Many say that this was the cornerstone recording of his career, it’s a difficult one to argue against. The line-up of the quintet is awesome. Trumpet man Freddie Hubbard, aged 25 at the time, had already appeared on Dolphy’s 1960 album Outward Bound, spent time with Art Blakey and made 9 albums as a leader. With his exquisite tonality and improvising ability there were few above him. Only three years into a five decade recording career Bobby Hutcherson was to become a staple of the Blue Note groupings and destined to take his instrument into more complex environments than even the more well known vibraphonists of the period. He enhanced many forward thinking bands including those led by McCoy Tyner, Jackie McLean plus The San Francisco Jazz Collective. The multi genre Chicago musician Richard Davis who is still going strong at 90 years of age, was Dolphy’s choice on bass. A man who was just as comfortable during his long career with Van Morrison, Bruce Springsteen or the orchestras of Leonard Bernstein and Gunther Schuller, as he was with small group progressive jazz, centered the band with his usual commanding presence as he did for many. Still a teenager at the time it was obvious to many that Tony Williams had the talent to become one of the greatest drummers of all time. As we all know he went on to hold the drum chair with Miles during his most creative period as well as becoming first call for Herbie Hancock and a Blue Note regular. This session provided an ideal window into his many yet to be revealed triumphs.

It almost goes without saying, that most people agree that this is a cornerstone album of modern progressive jazz. All the compositions are by Dolphy himself and the musicianship is of the very finest order on a set that challenges many ears but rewards each playing with the secrets it gradually reveals. To some minds there is no sound so unique and infectious than Eric Dolphy on bass clarinet, and it is that instrument that holds sway on the opening cut, Hat And Beard. Double bass and vibes form the initial backdrop as Eric gently wails and quietly screams on the woodwind instrument. It’s almost lyrical in parts and knit perfectly together throughout by the Chicago bass man, while Tony Williams resides in a heavenly world of his own, just as he continued to do with Miles, some five years later. Bobby Hutcherson is at his crystalline best when he solos, with Freddie Hubbard coming late to the party with an intense and lyrical solo which is the complete antithesis of what’s gone before. Anyone hearing this opening track for the first time could only anticipate the glories to come, and they would not have been disappointed. There’s an almost ambient feeling in parts about Something Sweet Something Tender which points the way to much later recordings. Eric remains on bass clarinet for this one, the arco bass is glorious at the beginning, leading to a beautiful and almost mournful trumpet solo from Freddie before the leader returns in strident mode to take stretching the capabilities of his instrument to their extreme towards the close. Side 1 ends with Eric taking up the flute on the upbeat Gazzelloni, his playing is almost “Kirkish” like at times. There are some perfectly placed prompts from Bobby’s vibes while the bass holds it all together once more, before a searching solo from Freddie’s trumpet preludes an ensemble close. The title track Out To Lunch takes up much of side 2, it opens with a short march like intro’, before the leader takes up his alto for the first time, his playing is really “off the wall” on this one, you can tell Tony Williams likes it as he also goes off in multiple directions leaving only the bass to hold the early passages together. Davis remains central as the piece segues into a minimalist duet with vibes, later enhanced by imaginative cymbal work from Tony Williams before things come to a fitting close with snappy short statements between trumpet and saxophone. All good things must eventually come to an end, and so they do with the closer Straight Up And Down. There’s lots of tension and release here on a tune and arrangement that’s far more straight ahead than what’s gone before. Eric remains on alto, is present for the majority of the time but seemingly holding something in reserve. Freddie gets more exposure than before with a well considered lyrical interlude, Bobby Hutcherson answers in similar mode before Eric takes it out almost playing the blues. The whole thing is one giant of an album easily holding a place at the pinnacle of recorded jazz.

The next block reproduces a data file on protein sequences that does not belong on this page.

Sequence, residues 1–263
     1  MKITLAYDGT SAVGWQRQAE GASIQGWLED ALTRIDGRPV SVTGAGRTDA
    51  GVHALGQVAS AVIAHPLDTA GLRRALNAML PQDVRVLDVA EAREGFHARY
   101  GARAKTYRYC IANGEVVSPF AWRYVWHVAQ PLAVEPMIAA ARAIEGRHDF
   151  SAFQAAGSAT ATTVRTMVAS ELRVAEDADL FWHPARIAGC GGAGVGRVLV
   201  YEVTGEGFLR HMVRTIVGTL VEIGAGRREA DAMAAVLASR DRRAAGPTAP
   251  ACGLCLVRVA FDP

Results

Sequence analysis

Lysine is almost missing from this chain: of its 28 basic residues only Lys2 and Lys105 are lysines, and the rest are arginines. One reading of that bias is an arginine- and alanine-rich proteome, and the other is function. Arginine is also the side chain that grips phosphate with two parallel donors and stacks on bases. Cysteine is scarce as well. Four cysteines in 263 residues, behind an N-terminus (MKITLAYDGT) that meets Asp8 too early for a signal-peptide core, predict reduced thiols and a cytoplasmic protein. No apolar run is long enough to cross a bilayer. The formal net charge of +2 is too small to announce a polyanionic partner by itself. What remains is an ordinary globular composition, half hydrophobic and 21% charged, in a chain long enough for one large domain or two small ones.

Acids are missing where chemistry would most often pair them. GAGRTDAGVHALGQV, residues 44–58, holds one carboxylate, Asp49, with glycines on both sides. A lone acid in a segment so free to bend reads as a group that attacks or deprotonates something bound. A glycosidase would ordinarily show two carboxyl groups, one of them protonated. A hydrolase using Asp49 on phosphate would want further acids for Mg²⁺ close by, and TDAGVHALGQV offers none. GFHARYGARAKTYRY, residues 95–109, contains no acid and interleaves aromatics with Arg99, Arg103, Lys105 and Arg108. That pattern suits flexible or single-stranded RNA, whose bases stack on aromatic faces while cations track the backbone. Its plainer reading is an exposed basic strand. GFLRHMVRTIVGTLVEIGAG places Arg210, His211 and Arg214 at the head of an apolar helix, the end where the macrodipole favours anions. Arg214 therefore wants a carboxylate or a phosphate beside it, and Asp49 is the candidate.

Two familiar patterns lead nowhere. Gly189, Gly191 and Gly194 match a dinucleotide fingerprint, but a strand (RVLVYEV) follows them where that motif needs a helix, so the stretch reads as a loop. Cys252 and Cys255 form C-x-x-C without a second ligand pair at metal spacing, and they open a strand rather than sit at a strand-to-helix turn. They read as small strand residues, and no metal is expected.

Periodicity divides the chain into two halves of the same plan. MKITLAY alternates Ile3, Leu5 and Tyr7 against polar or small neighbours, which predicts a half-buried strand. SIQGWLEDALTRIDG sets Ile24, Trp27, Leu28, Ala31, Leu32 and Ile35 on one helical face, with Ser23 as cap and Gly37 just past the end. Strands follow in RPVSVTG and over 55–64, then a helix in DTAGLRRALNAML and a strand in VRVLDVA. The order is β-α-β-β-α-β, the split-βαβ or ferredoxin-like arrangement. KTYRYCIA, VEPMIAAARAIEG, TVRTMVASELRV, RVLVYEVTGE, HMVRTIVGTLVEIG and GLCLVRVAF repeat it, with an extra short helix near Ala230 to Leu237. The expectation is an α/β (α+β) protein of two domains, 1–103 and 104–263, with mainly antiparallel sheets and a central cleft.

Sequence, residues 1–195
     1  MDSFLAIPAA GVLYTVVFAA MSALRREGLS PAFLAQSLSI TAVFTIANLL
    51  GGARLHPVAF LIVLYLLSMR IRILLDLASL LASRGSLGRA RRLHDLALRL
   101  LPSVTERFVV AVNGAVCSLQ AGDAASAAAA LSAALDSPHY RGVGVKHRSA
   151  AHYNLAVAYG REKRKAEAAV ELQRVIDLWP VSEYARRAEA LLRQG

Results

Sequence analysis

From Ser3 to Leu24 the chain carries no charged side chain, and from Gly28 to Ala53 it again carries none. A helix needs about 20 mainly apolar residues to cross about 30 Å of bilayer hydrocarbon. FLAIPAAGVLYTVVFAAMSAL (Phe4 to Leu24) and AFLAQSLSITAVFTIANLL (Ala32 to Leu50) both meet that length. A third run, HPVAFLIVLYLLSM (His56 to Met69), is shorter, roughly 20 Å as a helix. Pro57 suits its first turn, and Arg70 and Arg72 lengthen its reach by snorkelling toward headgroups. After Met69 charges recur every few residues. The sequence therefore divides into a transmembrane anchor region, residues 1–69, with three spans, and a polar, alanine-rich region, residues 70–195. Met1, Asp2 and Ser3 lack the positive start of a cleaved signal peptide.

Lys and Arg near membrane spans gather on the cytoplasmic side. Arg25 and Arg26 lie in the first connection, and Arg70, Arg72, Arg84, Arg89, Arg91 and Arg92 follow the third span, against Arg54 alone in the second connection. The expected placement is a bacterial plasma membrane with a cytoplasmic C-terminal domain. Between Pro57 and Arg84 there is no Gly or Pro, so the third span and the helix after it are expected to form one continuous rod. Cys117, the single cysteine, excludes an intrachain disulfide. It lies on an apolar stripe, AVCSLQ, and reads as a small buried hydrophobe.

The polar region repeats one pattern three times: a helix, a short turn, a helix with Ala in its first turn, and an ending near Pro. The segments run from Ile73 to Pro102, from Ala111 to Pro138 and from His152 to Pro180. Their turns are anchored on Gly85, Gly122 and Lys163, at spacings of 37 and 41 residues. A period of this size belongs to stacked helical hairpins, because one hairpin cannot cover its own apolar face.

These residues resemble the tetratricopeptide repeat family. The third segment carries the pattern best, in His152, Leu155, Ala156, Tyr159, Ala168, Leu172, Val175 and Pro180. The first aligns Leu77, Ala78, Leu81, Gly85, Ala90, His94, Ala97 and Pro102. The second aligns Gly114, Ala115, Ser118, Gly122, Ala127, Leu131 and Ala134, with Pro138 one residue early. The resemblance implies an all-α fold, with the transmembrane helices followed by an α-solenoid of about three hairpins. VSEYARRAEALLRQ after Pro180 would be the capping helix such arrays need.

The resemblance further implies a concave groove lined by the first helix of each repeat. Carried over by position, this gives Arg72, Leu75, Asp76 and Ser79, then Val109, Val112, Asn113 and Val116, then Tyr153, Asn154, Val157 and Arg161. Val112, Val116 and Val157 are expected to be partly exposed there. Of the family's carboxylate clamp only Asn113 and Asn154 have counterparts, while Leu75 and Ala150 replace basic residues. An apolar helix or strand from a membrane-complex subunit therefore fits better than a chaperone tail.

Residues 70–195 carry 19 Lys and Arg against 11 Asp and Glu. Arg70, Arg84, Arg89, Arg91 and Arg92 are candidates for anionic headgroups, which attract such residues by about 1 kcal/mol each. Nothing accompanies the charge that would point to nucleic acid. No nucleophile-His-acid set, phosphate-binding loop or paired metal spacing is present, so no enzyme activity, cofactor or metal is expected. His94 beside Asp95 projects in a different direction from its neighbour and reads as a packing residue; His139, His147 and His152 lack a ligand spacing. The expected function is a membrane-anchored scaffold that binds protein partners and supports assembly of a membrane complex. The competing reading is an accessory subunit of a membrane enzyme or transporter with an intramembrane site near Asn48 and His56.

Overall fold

This review is based on the 1985 re-released CD. It was originally available as a vinyl LP reference BLP 4163 and on various digital platforms.